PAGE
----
Osaka: Kuromon Ichiba Market

Osaka’s Kuromon Ichiba Market was established in the early 1900s during the mid-Taisho era and contains over 170 shops along a length of almost 600 meters. Although primarily catering to the restaurant industry, the market is open to the public and contains a huge variety of places selling all kinds of fresh local delicacies, with a focus on fresh seafood.

osaka kuromon ichiba market japan

osaka central kuromon ichiba japan

osaka central kuromon ichiba japan

osaka central kuromon ichiba japan

osaka central kuromon ichiba japan

It’s important to note that in Japan, it is considered rude to walk around while eating. If you do get something to eat from one of the stalls, stand to the side and eat it before continuing to walk around.

This place was selling a variety of raw, steamed and grilled seafood. My wife and I tried scallops and conk which were raw and, as I suppose seems obvious, very fresh.

osaka central kuromon ichiba japan

osaka central kuromon ichiba japan

osaka central kuromon ichiba japan

Quite a few stalls were selling cold tempura. I assumed that they wouldn’t taste that good as they had been sitting out for a while but we tried a few things and they were still very tasty and crispy.

osaka central kuromon ichiba japan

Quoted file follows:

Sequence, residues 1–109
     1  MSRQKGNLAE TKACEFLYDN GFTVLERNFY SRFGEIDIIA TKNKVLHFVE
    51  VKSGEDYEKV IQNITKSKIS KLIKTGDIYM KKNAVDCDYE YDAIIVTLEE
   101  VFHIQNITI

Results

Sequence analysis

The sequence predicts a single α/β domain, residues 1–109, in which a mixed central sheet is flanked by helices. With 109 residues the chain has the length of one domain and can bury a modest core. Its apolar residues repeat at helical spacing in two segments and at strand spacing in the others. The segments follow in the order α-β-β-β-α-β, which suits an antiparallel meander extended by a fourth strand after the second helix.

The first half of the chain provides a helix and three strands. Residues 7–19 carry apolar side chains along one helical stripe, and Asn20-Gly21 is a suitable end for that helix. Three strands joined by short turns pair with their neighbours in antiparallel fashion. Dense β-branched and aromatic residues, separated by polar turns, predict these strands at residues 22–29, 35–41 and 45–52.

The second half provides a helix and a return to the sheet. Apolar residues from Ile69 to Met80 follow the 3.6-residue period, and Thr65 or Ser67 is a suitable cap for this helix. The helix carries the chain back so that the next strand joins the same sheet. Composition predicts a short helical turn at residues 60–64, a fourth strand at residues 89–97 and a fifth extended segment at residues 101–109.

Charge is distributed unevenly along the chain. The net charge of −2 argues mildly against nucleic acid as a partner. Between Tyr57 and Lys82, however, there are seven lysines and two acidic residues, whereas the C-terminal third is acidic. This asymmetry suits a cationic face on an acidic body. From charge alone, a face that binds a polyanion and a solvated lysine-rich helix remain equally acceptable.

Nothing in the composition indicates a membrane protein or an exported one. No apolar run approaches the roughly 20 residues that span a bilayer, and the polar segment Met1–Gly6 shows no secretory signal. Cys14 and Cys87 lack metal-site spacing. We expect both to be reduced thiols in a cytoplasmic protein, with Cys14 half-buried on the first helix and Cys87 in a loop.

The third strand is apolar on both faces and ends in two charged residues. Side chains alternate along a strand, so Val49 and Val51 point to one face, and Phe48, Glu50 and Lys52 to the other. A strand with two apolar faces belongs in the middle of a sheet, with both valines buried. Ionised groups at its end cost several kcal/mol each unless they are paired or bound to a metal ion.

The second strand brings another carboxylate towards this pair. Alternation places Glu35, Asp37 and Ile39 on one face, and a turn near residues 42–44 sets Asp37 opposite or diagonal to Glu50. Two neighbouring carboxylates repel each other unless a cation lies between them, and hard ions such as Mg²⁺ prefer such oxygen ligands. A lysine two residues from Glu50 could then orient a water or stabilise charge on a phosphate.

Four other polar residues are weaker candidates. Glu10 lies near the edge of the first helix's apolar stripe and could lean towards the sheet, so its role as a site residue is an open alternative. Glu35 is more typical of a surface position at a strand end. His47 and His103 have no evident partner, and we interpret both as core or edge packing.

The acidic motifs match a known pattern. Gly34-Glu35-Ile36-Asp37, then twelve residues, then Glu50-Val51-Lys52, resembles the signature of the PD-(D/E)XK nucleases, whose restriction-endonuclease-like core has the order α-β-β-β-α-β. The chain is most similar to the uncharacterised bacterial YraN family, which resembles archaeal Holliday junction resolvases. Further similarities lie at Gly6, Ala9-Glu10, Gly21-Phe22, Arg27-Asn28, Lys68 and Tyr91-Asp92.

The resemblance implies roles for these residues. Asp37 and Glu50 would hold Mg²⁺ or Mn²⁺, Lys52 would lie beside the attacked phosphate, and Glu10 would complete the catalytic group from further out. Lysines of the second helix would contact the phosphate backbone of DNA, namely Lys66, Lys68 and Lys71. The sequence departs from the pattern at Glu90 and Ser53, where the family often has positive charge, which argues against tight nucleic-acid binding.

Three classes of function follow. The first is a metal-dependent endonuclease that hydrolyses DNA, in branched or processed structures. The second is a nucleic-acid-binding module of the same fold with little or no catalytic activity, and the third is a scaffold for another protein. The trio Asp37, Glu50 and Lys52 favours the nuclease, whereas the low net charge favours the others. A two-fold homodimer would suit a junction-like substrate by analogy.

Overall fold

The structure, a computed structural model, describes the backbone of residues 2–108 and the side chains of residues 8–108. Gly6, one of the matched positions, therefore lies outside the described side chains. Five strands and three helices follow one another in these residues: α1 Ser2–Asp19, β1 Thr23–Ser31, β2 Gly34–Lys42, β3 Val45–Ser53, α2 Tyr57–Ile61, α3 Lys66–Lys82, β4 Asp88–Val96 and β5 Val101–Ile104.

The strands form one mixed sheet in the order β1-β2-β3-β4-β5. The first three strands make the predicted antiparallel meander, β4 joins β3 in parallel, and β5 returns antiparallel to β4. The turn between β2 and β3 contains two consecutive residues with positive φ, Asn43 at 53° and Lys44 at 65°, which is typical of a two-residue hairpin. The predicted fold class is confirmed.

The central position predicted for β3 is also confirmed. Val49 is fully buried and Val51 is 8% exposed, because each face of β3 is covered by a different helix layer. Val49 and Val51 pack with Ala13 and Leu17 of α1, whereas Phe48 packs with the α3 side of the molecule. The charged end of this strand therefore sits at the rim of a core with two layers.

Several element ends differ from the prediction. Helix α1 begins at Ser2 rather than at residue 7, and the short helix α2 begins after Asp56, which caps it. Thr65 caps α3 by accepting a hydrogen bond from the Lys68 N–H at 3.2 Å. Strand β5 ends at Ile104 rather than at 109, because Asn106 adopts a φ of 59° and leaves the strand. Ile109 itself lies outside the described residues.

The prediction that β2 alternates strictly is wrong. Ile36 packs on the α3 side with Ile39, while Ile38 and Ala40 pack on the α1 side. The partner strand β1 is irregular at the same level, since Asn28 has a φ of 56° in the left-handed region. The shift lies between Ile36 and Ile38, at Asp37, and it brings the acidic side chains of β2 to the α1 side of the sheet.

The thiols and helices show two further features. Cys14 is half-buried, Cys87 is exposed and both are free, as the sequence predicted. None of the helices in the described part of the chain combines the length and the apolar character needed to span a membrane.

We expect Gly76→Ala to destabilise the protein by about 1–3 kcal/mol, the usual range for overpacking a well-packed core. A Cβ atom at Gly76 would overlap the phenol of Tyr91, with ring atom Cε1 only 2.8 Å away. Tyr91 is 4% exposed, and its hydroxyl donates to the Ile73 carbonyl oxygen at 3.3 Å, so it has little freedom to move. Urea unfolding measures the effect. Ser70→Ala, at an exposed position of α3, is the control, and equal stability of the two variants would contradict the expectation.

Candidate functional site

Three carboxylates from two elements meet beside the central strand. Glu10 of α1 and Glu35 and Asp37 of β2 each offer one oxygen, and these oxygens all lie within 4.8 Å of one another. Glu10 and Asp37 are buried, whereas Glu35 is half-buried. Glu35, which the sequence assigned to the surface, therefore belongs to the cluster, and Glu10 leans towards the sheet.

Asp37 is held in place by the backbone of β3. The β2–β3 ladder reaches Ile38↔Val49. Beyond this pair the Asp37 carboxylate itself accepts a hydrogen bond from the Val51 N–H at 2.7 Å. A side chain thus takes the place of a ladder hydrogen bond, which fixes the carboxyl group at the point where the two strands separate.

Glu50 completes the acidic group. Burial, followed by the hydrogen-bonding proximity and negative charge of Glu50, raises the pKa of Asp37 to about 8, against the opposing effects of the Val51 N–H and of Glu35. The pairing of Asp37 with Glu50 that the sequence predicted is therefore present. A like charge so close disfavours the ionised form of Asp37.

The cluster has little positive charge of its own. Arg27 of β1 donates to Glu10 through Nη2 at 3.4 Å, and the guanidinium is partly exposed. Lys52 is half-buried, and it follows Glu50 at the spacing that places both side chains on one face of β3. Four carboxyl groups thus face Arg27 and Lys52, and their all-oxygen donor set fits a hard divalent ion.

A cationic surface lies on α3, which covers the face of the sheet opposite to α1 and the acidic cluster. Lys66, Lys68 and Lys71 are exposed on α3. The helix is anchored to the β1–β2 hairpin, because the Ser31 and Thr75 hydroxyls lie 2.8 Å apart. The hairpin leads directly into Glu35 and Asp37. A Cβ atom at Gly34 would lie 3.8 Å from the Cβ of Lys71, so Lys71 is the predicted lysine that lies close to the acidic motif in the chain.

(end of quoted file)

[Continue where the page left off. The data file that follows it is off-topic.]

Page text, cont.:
osaka central kuromon ichiba japan

While the market predominantly deals with fresh fruit and vegetables and seafood, there are some meat stalls too. This place sold varying grades of Kobe beef.

osaka central kuromon ichiba japan

osaka central kuromon ichiba japan

It was simply cooked on the hotplate and served with some salt and pepper on the side. I’d tried wagyu beef before but this was by fat the best I had ever tasted. The sirlion was very tender, and the fat melted as soon as it hit my tongue. It was extremely luxurious and the taste remained in my mouth for quite a while. Up to an hour later I was still repeatedly making comments to my wife about how amazing it was.

osaka central kuromon ichiba japan

Osaka’s Kuromon Ichiba Market is well worth a visit both to try a variety of food and to see a slice of everyday Osaka life in action.

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Paul
Paul
Paul founded The City Lane back in 2009 as a place to share photos of his travels around Europe with friends and family. The City Lane might have changed quite a lot since those early days but one thing that’s remained constant is Paul’s passion for food, travel and culture, and a desire to photograph and write about his experiences. Paul has a strong inquisitive nature that drives him to look beneath the surface in order to discover what really makes a city and its people tick, and what better way to do this than over a good meal or drink, with a city’s locals, at places that people who live in that city actually frequent. Paul is also a co-host of The Brunswick Beer Collective, a podcast that may or may not actually be about beer.

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